On the day of the first Free Schools Conference
in London, it's worth raising some issues that probably will be skipped over at the various talks by the great and the good.
If you look at my previous post, you will see that I've made my own estimates about the costs of free schools based on a "linear regression" I've derived from looking at the government's figures for LA schools, where I've compared the number of pupils against the total expenditure. Obviously, this is not going to provide the public with a totally reliable figure of free school costs, but it does, at least, show that schools with fewer than 700 pupils will be significantly more expensive than bigger schools. My analysis shows, admittedly in a fairly basic way, that having a government policy which encourages the setting-up of small schools is fiscal madness when there are spare places in existing schools.
The chief problem for my calculations and many other ones is this: most free schools simply don't know how many pupils they are going to admit in the coming year. The public has a right to know some basic things about these schools:
The number of pupils they are admitting
The projected setting-up costs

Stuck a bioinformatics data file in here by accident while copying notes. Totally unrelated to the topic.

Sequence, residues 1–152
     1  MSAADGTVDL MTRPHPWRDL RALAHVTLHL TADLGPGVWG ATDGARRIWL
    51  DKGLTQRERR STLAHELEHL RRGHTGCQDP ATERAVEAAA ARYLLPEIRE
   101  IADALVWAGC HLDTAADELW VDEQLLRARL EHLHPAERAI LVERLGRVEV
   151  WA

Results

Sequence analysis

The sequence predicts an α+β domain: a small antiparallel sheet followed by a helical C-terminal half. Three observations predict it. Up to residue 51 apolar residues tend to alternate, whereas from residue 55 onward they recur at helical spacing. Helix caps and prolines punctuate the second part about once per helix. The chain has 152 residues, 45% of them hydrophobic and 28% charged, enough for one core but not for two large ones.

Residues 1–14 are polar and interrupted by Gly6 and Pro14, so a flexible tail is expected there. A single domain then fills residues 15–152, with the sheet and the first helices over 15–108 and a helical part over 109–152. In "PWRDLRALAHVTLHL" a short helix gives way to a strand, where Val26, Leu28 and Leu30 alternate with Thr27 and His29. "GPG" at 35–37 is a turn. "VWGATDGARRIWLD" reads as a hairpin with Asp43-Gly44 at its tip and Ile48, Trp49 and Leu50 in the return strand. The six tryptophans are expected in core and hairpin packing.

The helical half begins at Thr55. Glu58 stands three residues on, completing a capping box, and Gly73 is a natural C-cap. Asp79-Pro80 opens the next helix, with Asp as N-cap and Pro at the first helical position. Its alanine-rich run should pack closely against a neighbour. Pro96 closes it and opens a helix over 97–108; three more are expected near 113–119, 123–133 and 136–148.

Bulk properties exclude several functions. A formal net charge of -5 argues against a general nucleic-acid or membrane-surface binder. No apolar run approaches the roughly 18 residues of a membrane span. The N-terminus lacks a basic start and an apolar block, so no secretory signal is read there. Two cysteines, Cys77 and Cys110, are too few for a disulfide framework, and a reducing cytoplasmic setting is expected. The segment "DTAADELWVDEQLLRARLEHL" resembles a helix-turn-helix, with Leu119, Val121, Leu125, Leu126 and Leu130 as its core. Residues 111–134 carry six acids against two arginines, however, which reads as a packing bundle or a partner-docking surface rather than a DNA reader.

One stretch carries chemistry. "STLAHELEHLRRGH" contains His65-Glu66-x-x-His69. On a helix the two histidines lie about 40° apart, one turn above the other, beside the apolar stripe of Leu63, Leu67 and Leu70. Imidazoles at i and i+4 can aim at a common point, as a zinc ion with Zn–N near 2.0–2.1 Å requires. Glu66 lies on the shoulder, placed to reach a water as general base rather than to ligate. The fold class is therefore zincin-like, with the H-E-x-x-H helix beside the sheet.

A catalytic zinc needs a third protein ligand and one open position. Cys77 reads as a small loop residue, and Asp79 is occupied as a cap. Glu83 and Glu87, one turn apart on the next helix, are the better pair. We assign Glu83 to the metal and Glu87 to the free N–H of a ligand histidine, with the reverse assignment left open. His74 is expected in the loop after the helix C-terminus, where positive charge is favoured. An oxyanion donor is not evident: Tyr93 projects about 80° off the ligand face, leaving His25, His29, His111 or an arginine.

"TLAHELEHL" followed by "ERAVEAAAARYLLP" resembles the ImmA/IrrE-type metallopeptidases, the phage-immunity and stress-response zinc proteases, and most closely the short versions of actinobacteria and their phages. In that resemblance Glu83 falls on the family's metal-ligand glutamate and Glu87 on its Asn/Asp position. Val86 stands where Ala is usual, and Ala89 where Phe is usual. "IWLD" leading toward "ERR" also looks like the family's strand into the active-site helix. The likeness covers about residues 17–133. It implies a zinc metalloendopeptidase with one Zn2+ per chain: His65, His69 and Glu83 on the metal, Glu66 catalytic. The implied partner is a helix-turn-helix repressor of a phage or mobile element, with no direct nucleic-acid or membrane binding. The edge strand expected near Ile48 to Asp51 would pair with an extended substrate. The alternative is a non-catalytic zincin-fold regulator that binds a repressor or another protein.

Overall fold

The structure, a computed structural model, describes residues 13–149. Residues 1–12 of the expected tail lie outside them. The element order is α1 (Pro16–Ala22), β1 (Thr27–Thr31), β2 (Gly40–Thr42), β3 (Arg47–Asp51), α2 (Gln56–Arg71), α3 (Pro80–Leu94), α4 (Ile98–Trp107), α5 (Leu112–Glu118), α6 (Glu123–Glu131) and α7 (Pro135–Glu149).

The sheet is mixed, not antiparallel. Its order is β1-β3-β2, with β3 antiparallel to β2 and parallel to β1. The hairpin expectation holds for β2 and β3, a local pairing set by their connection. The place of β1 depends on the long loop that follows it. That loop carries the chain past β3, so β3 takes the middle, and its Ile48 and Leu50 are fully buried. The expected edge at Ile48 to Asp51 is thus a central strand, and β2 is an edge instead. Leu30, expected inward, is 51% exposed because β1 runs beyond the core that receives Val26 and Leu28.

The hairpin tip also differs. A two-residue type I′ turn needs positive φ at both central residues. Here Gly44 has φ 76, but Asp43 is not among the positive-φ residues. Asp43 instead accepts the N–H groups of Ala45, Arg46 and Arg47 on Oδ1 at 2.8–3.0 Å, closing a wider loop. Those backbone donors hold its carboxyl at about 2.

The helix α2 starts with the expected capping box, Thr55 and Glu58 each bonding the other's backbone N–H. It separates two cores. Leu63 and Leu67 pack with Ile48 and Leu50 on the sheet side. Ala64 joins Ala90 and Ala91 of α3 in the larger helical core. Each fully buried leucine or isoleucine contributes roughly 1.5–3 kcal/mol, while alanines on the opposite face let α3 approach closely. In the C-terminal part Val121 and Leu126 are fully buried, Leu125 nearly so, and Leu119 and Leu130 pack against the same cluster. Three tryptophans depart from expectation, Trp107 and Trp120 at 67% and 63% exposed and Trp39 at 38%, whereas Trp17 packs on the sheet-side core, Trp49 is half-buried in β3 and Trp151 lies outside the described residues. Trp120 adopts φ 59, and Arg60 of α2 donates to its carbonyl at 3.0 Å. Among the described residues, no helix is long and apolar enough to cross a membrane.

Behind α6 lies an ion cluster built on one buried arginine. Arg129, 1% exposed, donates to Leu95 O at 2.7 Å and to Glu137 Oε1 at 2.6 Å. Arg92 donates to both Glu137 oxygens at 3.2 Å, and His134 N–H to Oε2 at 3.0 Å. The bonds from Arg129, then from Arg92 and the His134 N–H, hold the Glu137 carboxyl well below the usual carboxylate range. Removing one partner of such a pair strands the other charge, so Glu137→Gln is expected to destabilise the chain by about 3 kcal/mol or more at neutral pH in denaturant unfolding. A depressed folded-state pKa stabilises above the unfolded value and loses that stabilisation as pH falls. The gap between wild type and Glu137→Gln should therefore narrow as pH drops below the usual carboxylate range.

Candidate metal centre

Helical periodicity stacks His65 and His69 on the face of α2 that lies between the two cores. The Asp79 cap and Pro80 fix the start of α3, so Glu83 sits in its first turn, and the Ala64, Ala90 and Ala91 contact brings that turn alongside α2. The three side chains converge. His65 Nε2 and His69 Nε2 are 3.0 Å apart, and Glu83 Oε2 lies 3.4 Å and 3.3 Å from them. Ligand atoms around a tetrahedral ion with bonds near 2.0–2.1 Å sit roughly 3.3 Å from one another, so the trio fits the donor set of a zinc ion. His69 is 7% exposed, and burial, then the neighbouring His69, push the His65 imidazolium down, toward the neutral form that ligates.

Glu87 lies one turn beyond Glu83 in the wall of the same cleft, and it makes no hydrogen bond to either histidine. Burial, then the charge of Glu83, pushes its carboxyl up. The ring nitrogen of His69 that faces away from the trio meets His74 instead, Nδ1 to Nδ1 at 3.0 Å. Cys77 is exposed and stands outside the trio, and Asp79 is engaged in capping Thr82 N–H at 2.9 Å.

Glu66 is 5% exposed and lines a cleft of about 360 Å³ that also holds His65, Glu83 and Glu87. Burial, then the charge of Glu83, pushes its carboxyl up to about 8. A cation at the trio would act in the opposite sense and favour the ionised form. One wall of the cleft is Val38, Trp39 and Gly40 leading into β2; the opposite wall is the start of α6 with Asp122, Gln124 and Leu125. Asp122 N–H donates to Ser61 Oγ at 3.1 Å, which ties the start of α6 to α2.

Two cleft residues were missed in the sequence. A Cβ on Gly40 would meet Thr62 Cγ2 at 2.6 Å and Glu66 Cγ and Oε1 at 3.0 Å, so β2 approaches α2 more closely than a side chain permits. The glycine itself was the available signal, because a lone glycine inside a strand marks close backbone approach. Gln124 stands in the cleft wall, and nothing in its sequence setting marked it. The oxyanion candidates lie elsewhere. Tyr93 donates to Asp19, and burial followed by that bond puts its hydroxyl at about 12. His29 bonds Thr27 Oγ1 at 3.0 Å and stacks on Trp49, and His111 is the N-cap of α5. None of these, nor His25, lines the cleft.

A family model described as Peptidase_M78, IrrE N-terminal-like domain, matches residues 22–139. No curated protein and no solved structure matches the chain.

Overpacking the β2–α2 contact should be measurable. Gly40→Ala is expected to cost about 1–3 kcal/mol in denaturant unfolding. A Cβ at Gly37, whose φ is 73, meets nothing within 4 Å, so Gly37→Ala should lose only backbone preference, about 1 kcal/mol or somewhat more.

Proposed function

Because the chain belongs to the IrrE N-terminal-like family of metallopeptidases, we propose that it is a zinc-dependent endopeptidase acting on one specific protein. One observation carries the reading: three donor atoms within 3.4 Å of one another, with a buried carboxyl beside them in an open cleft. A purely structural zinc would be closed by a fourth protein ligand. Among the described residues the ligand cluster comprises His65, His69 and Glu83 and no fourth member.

The government funds the schools are receiving and will receive in the coming year(s)
At the moment, we have no solid idea about what the DfE's projected costs per pupils are for these schools. I have now found the "reckoner"
on a page updated on 28th January, which estimates the funds a free school will have next year but it's unreliable because capital costs and "start up" costs, which are entirely up to the DfE's discretion, are not divulged. As stated before, key information like numbers of pupils are not available as well. In other words, the key costs are not available.
I certainly won't apologise for making some informed guesses about the costs per pupil, based on the figures we currently have. The linear regression reveals that setting up these schools in the first five years will be much more expensive than putting them into schools which still have surplus places.
It's clear even looking at the most rudimentary of calculations that we need to consolidate and improve the resources we have, rather than wasting millions upon setting up schools which will be absurdly expensive and may well lead to declining standards.
It's time that the government told us the true costs of the free schools experiment.